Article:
1977 New Orleans Saints season

The 1977 New Orleans Saints season was the team's 11th as a member of the National Football League. They were unable to improve on their previous season's output of 4–10, winning only three games. The team failed to qualify for the playoffs for the eleventh consecutive season, as Coach Hank Stram was fired following the season. In his two years as Coach the Saints only won seven games.

1978 New Orleans Saints season

The 1978 New Orleans Saints season was the Saints 12th season. Quarterback Archie Manning put together one of his finest seasons, earning the NFC Player of the Year award as the Saints finished with a franchise-best 7–9 mark under new head coach Dick Nolan.

1979 New Orleans Saints season

The 1979 New Orleans Saints season was the team's 13th season in the National Football League. The Saints finished the season at 8–8, the franchise's first non-losing season. New Orleans was tied for first place with the Los Angeles Rams in the NFC West with three weeks to play, but the season unraveled in a Monday Night Football contest at home vs. the Oakland Raiders, when the Saints squandered a 35–14 lead and lost, 42–35.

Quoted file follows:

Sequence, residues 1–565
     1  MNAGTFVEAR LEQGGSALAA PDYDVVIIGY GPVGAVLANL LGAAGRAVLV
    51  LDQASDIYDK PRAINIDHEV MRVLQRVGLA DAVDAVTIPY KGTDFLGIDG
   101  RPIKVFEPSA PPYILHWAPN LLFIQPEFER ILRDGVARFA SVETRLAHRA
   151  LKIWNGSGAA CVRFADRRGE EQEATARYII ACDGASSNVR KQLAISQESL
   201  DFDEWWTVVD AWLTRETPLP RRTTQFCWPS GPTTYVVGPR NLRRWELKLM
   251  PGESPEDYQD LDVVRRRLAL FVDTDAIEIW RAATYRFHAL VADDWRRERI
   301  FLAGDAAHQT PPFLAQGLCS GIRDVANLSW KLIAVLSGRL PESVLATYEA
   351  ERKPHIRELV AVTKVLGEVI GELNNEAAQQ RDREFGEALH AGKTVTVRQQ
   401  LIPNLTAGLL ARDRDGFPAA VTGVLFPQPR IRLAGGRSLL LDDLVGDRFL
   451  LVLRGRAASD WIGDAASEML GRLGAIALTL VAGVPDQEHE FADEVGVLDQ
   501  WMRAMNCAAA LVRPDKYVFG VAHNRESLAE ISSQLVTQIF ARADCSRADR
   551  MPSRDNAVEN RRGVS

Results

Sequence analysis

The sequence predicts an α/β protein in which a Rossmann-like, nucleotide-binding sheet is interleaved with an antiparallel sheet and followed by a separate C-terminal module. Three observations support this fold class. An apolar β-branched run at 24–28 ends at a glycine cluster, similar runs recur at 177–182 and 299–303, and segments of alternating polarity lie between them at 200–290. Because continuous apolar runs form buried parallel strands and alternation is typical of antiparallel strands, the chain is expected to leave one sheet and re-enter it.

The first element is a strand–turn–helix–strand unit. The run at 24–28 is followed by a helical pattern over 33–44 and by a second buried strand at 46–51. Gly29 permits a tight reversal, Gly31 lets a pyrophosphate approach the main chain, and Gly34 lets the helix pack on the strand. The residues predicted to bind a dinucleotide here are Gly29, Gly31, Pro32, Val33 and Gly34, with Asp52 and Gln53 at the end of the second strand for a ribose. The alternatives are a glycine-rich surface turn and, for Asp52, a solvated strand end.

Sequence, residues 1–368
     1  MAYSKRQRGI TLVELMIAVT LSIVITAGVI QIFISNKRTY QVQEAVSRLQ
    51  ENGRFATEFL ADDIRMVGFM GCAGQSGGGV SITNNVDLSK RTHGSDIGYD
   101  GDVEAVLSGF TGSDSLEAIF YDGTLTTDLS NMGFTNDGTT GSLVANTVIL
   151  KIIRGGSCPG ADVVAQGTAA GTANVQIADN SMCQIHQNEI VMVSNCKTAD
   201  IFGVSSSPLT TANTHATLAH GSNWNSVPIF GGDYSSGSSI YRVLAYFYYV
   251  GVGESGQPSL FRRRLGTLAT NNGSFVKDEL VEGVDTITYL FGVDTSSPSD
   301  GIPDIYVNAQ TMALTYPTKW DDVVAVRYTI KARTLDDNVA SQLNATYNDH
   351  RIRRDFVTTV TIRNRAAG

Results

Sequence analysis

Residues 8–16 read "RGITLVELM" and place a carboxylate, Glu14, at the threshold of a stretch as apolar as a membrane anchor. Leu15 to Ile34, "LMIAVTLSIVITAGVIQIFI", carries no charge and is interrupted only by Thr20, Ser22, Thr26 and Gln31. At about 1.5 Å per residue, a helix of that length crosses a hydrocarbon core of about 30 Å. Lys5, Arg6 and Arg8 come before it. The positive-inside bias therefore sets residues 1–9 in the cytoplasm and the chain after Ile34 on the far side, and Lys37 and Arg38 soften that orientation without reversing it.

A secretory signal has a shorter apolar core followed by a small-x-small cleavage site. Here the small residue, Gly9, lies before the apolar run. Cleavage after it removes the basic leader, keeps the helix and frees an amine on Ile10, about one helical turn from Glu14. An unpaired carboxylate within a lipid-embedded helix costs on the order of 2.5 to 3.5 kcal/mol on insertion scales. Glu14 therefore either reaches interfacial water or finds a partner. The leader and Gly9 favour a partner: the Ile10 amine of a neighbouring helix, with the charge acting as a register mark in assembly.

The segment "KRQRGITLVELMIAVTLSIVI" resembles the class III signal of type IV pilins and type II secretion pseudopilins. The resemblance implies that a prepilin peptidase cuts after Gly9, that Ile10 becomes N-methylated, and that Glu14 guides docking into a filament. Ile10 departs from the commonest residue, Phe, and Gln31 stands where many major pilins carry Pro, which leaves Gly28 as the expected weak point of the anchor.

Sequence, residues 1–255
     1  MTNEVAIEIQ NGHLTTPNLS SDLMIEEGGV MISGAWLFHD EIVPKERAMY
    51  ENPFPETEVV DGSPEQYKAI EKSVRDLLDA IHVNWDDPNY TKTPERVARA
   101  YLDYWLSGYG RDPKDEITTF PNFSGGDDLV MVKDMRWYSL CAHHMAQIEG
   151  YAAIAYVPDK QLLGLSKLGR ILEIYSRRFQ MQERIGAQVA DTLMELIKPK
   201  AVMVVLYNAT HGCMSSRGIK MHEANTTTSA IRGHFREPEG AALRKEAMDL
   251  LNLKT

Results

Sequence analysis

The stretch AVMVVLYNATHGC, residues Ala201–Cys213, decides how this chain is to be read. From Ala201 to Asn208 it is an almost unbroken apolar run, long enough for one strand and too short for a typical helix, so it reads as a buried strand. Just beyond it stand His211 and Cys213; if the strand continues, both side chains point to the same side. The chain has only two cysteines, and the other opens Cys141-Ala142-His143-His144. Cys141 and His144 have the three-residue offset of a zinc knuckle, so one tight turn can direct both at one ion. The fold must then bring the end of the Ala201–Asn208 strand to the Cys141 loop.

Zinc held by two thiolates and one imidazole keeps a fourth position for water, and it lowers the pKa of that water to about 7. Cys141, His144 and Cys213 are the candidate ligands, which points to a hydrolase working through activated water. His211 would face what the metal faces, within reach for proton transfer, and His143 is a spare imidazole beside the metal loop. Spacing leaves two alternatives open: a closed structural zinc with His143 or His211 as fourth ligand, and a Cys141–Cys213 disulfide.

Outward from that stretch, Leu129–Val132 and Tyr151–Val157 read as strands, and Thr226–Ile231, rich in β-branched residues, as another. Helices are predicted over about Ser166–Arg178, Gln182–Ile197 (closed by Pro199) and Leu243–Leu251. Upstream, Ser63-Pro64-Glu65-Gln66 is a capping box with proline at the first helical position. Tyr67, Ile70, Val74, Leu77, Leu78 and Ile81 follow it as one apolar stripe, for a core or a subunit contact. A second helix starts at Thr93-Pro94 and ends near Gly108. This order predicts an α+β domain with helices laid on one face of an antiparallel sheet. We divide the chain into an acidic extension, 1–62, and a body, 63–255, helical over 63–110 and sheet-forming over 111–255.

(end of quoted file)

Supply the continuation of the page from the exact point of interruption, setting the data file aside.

The Saints were eliminated from playoff contention in Week 15 when they were blown out 35–0 at home by the San Diego Chargers. Not counting the 1976 expansion club Seattle, New Orleans was one of three franchises which failed to make the playoffs in the 1970s, joined by the New York Giants and New York Jets.

1980 New Orleans Saints season

The 1980 New Orleans Saints season was the team's 14th as a member of the National Football League. It was unable to improve on the previous season's output of 8–8, winning only one game. The team failed to qualify for the playoffs for the fourteenth consecutive season and had the dubious distinction not only of winning only a single game, but winning it by a single point against the equally disappointing Jets, who like the Saints had widely been predicted before the season to advance to their first playoff appearance since 1969.

1982 New Orleans Saints season

The 1982 New Orleans Saints season saw the team nearly qualify for the NFL playoffs, missing it by a tiebreaker. It finished with a 4–5 record, and narrowly missed the playoffs in a complicated labyrinth of tie-breakers.

1983 New Orleans Saints season

The 1983 New Orleans Saints season was the team’s 17th as a member of the National Football League. They improved on their previous season’s output of 4–5, winning eight games. Despite the improvement, the team failed to qualify for the playoffs for the seventeenth consecutive season.